• Alicia

      Hello Regina yes I do receive disability for lymphedema from the state.

      • Cheri

        Alicia, If it is acceptable, I would like to discuss the disability benefits for Lymphedema. I have bilateral lower extremity lymphedema and I use the flexitouch system daily. I work at a desk and by the end of the day my legs are extremely swollen and painful even though I try to elevate them at my desk and I wear “Ready wraps”.

  • Roberta

    are there any MD/PHD lympoedema/Lympedema etc docs/ researchers in Boston area or on East Coast?

  • Tanya

    I have lipedema. Both of my legs are affected, as my feet are not. My mother has primary lymphedema. Usually, docs diagnosis me with lymphedema, however, fluid pills usually help with the swelling that does occur in my legs due to the excessive weight I carry. While I do not look obese, I am and have always struggled with my weight…however, I am heaviest on my lower extremities. I can lose weight in my upper body, but never seem to do much to my lower body. Very frustrating. Any treatment or suggestions out there on how to manage lipedema best? I have a somewhat active lifestyle, I eat well, very healthy, see a nutritionist biweekly, but the weight just never comes off. I am only 38 and I hate my body, always have since I was 12 or 13. Any help would be great!

  • Joy

    …I was recently diagnosed by an Endocrinologist as having Lipedema. I just started seeing a Massage Therapist, and she thinks it’s Lymphedema.

    The symptoms are a little of both. I have no feet swelling, but I have no leg sensitivity, as she can massage them without issue. My right leg is slightly larger than my left, but I have swelling in both. I bruise very easily below the knees. I lose weight off the top half of my body easily, but barely any off the bottom.

    Is it possible to have LIPEDEMA WITHOUT leg sensitivity, or is it possible to have LYMPHEDEMA WITHOUT feet swelling?

    It’s very confusing.

    • Joachim Zuther

      Joy, without knowing you personally, I am unable to say if you are affected by lipedema or lymphedema. There is also a combination of both, which is known as lipo-lymphedema. While lymphedema generally affects the feet as well, there are cases where the feet are not swollen. Should the circumference of your legs decrease with appropriate therapy (I hope your therapist is certified in lymphedema management), then you most likely have lymphedema.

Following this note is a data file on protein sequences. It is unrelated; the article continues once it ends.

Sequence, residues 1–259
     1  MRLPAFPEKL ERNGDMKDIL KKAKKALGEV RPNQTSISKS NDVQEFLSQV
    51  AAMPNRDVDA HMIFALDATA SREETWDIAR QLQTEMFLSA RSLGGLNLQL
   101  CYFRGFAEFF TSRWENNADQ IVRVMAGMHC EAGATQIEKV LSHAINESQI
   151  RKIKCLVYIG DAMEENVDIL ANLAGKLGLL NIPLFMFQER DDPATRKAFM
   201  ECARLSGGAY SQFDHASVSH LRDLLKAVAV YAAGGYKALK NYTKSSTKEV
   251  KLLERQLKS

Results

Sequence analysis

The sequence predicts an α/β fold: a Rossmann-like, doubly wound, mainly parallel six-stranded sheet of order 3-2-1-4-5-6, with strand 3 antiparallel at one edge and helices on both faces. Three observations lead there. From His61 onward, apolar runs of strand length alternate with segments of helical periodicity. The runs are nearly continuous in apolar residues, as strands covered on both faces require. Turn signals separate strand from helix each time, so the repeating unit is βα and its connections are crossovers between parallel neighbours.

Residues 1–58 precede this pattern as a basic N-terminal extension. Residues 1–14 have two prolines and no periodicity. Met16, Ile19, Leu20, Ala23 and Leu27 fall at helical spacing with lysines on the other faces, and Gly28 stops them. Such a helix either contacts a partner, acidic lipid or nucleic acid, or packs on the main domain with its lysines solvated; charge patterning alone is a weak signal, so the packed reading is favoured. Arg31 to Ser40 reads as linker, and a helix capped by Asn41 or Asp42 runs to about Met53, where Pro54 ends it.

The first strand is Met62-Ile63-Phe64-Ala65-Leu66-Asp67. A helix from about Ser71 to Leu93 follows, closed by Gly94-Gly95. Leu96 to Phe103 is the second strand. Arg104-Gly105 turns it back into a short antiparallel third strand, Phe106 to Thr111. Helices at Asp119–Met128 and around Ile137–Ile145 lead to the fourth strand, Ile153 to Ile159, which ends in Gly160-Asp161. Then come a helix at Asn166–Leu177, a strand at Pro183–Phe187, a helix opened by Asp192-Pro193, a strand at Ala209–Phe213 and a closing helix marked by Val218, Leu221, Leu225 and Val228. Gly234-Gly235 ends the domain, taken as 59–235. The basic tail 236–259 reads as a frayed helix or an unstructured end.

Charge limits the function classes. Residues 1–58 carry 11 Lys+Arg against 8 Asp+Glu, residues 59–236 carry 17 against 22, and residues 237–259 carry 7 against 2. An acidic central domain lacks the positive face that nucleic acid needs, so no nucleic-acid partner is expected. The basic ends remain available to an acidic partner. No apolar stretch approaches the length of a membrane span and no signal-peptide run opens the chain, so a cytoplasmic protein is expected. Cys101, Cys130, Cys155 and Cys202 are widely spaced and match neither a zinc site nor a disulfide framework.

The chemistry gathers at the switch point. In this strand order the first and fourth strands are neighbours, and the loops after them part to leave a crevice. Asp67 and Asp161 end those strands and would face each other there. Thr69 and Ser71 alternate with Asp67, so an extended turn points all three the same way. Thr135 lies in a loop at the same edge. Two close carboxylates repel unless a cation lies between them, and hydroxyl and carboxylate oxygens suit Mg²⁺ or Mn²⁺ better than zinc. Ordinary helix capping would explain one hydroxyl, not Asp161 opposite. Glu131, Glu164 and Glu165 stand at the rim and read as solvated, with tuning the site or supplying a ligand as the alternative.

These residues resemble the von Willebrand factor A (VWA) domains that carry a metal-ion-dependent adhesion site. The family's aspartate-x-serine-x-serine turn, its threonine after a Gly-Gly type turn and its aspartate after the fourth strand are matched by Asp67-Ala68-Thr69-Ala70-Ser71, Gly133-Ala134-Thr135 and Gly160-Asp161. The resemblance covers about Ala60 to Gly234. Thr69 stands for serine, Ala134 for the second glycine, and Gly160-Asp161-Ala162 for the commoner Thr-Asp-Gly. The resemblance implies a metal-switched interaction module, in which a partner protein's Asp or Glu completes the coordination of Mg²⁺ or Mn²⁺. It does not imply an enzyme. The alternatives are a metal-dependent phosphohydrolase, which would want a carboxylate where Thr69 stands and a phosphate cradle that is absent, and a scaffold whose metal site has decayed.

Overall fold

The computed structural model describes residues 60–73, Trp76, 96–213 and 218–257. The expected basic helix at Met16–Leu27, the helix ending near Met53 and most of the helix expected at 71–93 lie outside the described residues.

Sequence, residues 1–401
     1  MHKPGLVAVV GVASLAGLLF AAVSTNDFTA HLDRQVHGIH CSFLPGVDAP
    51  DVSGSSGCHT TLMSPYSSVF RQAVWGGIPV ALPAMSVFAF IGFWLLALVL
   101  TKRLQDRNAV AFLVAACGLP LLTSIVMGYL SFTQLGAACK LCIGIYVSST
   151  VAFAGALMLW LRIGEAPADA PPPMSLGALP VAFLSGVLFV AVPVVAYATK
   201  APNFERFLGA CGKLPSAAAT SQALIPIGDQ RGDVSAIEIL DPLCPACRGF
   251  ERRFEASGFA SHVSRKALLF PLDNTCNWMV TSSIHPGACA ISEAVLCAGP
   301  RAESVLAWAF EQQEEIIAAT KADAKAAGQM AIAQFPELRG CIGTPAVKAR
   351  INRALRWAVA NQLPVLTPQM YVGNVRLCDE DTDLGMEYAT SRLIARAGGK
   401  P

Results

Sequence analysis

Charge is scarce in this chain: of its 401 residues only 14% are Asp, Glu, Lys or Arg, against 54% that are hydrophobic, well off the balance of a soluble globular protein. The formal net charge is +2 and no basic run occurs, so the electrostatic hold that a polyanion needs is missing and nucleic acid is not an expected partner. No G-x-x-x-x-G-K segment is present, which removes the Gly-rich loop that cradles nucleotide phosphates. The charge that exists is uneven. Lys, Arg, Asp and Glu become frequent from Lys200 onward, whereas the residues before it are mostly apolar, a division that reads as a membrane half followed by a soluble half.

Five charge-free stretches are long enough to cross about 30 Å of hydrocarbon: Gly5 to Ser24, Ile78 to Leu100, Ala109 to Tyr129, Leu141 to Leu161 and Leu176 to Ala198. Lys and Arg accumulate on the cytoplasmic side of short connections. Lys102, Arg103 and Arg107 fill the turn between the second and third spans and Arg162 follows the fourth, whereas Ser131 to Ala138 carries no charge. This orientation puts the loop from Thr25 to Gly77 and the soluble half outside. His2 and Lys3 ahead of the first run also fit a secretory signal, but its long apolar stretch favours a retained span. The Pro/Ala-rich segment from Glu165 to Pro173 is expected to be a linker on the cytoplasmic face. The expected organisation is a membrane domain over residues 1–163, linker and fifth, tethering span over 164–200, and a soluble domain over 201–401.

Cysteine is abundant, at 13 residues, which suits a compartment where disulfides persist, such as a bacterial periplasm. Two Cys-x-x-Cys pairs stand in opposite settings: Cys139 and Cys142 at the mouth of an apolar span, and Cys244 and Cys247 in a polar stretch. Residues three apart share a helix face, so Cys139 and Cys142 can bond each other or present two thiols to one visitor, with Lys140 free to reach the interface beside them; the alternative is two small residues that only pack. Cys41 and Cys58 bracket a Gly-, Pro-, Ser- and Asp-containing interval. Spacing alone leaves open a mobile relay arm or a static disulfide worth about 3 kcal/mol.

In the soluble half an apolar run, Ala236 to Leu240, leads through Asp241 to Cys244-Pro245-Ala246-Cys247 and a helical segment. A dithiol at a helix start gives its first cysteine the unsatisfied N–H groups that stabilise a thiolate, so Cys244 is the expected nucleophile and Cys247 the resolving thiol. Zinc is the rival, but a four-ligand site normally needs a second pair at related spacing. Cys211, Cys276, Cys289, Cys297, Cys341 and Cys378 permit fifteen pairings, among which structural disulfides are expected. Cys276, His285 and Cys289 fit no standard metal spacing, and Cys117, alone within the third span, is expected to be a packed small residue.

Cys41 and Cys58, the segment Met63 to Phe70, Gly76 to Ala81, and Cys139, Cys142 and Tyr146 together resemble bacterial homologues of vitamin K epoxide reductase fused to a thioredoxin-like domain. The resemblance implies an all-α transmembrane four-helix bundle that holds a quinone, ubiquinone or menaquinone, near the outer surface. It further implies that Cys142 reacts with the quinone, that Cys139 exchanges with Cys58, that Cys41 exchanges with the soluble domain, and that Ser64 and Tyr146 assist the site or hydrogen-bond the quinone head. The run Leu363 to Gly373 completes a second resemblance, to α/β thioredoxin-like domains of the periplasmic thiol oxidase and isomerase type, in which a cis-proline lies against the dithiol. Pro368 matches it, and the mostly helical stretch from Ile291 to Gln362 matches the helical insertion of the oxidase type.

Hope this helped.

  • Adria R.

    I believe that I may possibly have lipedema. I’ve always had “tree trunk” -like legs but after having my son (fourth pregnancy but first live birth) in 2010, I gained 80 pounds from the pregnancy and nothing has been the same since. Terrible cellulite but unlike the other cellulite I see on girlfriends. Pain, though only mild to moderate at times, is mainly in my left leg starting behind my knee going down through my calf. My left calf is larger than my right by about an inch and it has left the doctors mystified. I’ve had ultrasounds done to check for DVT but they are all normal. I am size XS to S on the upper half of my body and I am a L-XL (8 on a good day but normally 10-12) on the lower half.

    This has caused me terrible issues, especially self-esteem problems, and I have yet to find a doctor that is willing to go further after an ultrasound. What type of doctor should I be seeing for this issue? Thank you!

  • Laura

    I have just went for a massage whilst on holiday and been told I have lymphedena, I’ve always had massive legs and thighs (size 18 thighs and size 10 top half) I’ve always just thought I was just fat even though I exercise regularly and eat well and I only drink water I have most of the sypmtoms of lipedema since my legs r both the same and my feet are fine, but I’m getting paranoid now and not sure what to do to digagnoise it or treat it? I’m based in the UK and advice is welcomed?!
    I’m worried the massage guy is trying to scam me to buy more massages he said I need three to drain this week?!

  • Janice Monfre

    about 10 years ago i was diagnosed with Lymphedema . All of a sudden my legs will break out in a horrible rash on the lower part of my leg. that causes me to have them wrapped for sometimes weeks on end. But my legs hurt all the time.It pains me to put my stockings on.. My left leg is much bigger then my right. My feet are always swollen as are my legs. It is just really frustrating to have to go through this.

  • Kathy Suarez

    I have Dercum’s Disease and nothing the Dr’s here in KY are helping they have me on Lyrica Ketoprofen Aspirin Alpha Lipoic Acid and Pain Medicine but nothing is helping and it seems like none of them are interested in looking information up on it. I have taken print out from Dr Karen Herbst web site with information on how to help and to no avail. Today I went to Pain Management and was told they don’t know why I was sent there they can’t do anything to help. I am so frusterated please help if anyone can. Thanks in advance

  • Sheri

    I am 39 years old. I have lived with chronic pain, fatigue, headaches, etc for past 10 years. Things progressed during my pregnancies (2006 & 2009). During my second pregnancy I developed an area of swelling on the medial side of my left ankle. Both legs are swollen (left more than right) but not my feet. Now my legs are extremely painful if touched or bumped by anything and i have become very guarded. I saw a physiatrist 9 months ago who diagnosed me with fibromyalgia. He told me the left ankle was “adipose tissue”. Do you think this may be lipedema? I am desperate to follow up on this as my pain is increasing and I am struggling to get through my work days as I am a rehab therapist and on my feet all day. I would appreciate any suggestions. thank you!

  • Dora Bustamante

    hi, I was told I have lymphedema about three months ago, is there any doctors that do lipo for lymphedema in San Antiono I can’t find a doctor hear. Can some help me?